I started a Facebook fan page for Mr.Oblivious. I'll be putting some behind the scene sketches and older work and maybe even a video or two there. Check it out!
08/01/09. Five Years at the SDCC.
This past July marked my fifth year as a small press exhibitor at the San Diego Comic-con. Small press, that’s the area in the back with all the home-made displays, backdrops jury-rigged with duct tape and lot’s of undiscovered talent.
Five years ago it was all a bit overwhelming. Hearing the stories of almost mythic crowds and not knowing what to expect was incredibly exciting. And yes, the crowds are immense though the con moves people around the show floor as best they can. That first year I ended up in the middle of an aisle, not the most desirable location (since someone would have to actually go down the aisle to see my table). Mostly, I was grateful to be there and that anyone stopped at all to look at my artwork, let alone buy someting given the incredible opportunities for distraction all around.
I learned a LOT that first year. Such as the must haves for exhibiting in the Small Press Pavilion: Tape, paper, markers, business cards and change, lot’s and lot’s of change, small bills preferably.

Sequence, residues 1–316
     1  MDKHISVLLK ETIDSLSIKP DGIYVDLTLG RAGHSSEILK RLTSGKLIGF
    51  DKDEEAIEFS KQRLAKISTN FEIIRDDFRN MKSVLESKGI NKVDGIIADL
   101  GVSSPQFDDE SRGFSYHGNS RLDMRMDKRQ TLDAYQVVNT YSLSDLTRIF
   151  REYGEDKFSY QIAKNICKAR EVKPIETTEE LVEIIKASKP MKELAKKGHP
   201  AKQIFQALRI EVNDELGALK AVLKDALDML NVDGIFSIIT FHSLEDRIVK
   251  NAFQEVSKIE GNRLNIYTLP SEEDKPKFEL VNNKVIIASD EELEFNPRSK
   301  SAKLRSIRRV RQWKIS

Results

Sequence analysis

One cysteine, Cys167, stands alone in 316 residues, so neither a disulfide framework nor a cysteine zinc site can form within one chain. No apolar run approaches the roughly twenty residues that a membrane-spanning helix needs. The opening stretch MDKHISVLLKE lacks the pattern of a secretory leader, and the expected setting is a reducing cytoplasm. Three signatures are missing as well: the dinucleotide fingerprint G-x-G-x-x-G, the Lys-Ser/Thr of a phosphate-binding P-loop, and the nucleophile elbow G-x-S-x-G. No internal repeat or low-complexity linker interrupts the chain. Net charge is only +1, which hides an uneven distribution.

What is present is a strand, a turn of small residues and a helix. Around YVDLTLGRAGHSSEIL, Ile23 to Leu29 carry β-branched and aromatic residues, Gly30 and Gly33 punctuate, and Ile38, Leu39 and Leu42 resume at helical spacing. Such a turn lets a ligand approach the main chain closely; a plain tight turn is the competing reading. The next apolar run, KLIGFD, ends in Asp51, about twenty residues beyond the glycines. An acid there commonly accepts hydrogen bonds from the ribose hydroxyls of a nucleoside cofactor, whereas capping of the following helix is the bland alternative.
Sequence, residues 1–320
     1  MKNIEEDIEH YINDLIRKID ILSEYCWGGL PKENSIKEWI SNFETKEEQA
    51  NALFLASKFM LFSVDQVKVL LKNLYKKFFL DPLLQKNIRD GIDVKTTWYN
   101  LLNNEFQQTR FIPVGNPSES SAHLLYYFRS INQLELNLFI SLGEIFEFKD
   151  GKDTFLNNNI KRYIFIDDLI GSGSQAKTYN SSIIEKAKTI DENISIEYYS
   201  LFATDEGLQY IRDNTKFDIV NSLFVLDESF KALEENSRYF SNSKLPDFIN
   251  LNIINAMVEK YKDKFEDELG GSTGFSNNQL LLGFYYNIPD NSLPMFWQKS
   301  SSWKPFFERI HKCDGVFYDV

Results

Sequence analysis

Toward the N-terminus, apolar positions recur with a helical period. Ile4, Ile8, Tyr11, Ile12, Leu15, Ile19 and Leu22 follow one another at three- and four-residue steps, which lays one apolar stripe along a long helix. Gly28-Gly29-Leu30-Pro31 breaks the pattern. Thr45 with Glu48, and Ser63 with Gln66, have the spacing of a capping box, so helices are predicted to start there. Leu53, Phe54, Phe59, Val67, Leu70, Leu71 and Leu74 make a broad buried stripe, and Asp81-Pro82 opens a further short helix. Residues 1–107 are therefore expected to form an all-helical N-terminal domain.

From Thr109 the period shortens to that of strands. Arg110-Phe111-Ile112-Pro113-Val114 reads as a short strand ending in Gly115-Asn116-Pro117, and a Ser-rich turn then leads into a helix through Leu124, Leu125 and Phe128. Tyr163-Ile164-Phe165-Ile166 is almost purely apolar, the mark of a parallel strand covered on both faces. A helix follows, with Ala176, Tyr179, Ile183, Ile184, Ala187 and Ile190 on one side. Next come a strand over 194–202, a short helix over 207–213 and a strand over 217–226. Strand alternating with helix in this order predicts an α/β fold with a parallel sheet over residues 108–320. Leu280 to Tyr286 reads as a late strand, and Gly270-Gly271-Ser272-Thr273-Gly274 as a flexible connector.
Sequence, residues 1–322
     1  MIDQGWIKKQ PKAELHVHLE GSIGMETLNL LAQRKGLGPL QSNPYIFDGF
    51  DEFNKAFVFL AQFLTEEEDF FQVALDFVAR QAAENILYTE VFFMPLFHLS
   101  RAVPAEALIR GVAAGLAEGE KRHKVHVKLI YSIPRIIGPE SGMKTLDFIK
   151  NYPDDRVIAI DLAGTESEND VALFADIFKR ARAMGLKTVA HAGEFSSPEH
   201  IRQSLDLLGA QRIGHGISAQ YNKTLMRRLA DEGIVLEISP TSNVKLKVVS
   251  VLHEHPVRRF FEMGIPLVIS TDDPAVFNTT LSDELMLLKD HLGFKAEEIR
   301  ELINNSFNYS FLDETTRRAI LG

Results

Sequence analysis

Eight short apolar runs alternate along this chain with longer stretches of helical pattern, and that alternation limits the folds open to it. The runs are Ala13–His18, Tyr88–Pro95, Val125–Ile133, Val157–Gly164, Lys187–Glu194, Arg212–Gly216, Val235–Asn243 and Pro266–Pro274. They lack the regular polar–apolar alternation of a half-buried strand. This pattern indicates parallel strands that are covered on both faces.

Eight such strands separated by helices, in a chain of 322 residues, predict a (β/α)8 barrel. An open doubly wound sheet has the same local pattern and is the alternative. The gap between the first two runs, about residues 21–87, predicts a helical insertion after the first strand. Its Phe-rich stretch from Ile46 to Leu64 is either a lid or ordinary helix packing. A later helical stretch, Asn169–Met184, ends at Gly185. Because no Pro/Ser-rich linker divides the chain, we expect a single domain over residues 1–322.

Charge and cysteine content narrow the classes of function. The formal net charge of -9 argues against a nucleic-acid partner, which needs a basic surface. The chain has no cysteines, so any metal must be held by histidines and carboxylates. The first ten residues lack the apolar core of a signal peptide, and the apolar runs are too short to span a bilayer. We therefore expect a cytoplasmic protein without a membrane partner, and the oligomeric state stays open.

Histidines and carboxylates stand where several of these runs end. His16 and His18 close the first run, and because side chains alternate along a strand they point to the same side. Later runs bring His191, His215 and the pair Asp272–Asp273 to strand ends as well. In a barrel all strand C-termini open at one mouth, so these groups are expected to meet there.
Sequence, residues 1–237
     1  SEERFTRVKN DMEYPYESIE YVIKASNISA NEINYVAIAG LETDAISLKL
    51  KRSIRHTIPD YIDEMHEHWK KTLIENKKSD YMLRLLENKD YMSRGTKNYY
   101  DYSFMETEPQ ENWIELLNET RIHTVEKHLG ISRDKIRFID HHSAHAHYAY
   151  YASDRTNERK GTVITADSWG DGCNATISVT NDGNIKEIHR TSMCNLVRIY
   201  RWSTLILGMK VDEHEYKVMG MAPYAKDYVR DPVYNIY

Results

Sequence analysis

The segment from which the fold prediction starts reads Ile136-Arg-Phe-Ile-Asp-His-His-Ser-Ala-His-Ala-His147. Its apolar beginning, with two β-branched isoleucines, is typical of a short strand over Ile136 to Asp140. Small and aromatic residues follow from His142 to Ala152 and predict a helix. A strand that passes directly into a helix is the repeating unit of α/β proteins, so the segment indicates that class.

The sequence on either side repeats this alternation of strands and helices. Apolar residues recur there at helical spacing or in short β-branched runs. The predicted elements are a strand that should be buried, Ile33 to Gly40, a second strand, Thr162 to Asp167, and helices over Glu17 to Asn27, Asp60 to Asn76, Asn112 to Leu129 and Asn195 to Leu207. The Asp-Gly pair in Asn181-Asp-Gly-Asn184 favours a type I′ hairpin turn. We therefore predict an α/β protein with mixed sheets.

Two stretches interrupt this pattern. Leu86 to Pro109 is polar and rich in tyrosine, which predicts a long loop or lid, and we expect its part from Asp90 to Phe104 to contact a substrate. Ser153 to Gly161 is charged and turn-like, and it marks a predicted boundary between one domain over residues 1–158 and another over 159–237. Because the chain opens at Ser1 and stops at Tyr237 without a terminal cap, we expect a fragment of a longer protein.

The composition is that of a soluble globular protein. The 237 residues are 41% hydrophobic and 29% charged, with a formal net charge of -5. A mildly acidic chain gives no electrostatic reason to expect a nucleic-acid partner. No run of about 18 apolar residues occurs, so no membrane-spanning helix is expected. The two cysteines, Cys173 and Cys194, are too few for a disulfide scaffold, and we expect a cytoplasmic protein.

Over the next couple years I honed my table display, always trying to maximize a six foot space that seemed to shrink a little more each year. Sales steadily increased (I think in no small part to procuring a table at the end of the aisle and now being visible from three directions on a major traffic lane) and I had begun to greet returning customers, eager to see what was new each year and catch up on happenings between cons. That's really the best part of the show for me.
Even though I’m starting to feel like I’ve seen it all before, the same giant displays every year, the same T-shirt and toy venders. I’m even starting to recognize the people that come in the same costume every year! But it’s still exciting, I still get caught up in the hype of what the new big thing is, of catching a fleeting glimpse of my favorite cult personality, I doubt that will ever change, I’m a fanboy at heart.
The real change every year is in the small press area and I’m always surprised by the numbers of new faces there, the gems to be found. Next year, do me a favor, after you've enjoyed what the Marvel and DC booths have to offer, take a left at Legoland, past the X-box kiosk and swing through Small Press, you might be surprised by what you find.
Here’s to five more years.
Hey, guess what? A Book About Design (1 & 2) have been translated into Chinese! (Having already been translated into Portuguese. It's really interesting to see something I've done in a different language.